- There are expanded spells that deal quite a bit with elements and illusions. There is another randomized bit of story in this section as well (I like it) that involves the vessel that your patron has given you (including rings, lanterns, and of course, lamps). The vessel allows you to tether yourself to another creature and use them to boost your perception checks and as a spellcasting node.
- At 6th level you get a choice of some form of resistance to a range of damage types, and your tethered creature gets that resistance as well.
- At 10th level you can wish to switch places with your tethered creature when either you or the creature is hit by an attack. Hopefully if you switch places when you are taking the damage, you are willing to buy them a nice gift later on.
- Another 10th level feature allows you to teleport someone to your patron’s court in the elemental planes for up to a minute, although they get round by round saves to return earlier.
- At 14th level, you can use some of your patron’s power to heal someone and remove a condition from them, inflict disadvantage on an opponent until your next turn, or use legend lore. I really like that this class feature is recharged on a short rest, OR if you bribe your patron with something worth 500 gold pieces.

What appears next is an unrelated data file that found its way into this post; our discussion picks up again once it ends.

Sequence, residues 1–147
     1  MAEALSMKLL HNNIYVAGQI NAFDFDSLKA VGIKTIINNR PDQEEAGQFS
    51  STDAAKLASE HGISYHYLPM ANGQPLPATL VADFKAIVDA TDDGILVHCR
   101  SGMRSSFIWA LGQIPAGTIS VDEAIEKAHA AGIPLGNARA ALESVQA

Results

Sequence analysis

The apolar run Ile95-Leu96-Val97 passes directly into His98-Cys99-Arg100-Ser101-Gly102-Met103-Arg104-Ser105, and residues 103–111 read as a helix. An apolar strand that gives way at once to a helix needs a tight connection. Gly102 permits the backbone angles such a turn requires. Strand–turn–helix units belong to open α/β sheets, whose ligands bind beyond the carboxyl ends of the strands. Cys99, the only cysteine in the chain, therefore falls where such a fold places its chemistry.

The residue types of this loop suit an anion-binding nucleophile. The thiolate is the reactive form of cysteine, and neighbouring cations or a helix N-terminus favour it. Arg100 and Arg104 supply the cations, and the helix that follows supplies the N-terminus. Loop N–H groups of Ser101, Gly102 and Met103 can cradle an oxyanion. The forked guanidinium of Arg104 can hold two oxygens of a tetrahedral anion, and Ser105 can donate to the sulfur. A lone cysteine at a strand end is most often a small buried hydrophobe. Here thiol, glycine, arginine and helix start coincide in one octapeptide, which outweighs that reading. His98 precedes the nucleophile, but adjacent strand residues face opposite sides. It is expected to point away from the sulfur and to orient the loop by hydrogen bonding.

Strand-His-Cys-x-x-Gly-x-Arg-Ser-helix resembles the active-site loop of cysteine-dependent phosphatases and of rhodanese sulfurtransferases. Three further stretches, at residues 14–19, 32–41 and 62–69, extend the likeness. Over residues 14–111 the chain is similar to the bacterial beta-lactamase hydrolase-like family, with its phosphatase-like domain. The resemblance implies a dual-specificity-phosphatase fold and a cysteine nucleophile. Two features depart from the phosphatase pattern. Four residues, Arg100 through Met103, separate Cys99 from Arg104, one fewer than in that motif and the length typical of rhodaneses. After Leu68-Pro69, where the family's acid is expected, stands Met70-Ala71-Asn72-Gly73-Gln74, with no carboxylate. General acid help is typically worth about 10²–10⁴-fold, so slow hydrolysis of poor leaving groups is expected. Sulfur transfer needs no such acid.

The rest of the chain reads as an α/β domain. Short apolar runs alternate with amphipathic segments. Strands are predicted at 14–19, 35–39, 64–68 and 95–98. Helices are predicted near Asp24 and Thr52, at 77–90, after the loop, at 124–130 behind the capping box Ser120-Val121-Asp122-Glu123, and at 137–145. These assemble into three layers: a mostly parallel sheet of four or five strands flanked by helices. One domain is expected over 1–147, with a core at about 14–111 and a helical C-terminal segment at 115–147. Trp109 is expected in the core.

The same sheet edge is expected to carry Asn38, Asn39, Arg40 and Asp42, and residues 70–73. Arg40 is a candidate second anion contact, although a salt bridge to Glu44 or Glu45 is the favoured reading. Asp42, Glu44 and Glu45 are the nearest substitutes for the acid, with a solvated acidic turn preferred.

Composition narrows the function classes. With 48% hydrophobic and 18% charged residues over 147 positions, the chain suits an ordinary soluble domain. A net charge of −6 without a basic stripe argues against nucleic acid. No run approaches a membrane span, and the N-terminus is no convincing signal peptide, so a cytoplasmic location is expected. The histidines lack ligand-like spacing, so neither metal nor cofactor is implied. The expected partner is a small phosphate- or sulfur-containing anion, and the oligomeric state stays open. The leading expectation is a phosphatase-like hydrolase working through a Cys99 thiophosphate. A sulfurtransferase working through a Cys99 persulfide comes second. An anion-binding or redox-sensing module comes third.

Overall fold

One of the things I appreciate about this subclass is that not only do the abilities stay on point for the story of a warlock getting power from a genie, but there is a bit more psychology as to what the patron is getting out of the arrangement. It weaves a bit of lore about how much genie nobles like to be able to “tag” things on other planes of existence as being theirs, and how having a warlock running around on other planes facilitates this.
Arcana Wrap Up
So many of these recent Unearthed Arcana articles have had subclasses with really clear stories that are reinforced by the abilities that they grant the classes, and this one is no exception. There have been a lot in the past that were intriguing, but kind of go off the rails somewhere. These don’t feel like they wander off too much at all, but maybe just need some tightening up.
I like all of these, but I haven’t played a barbarian yet in 5e, and this article really makes me want to rectify that situation.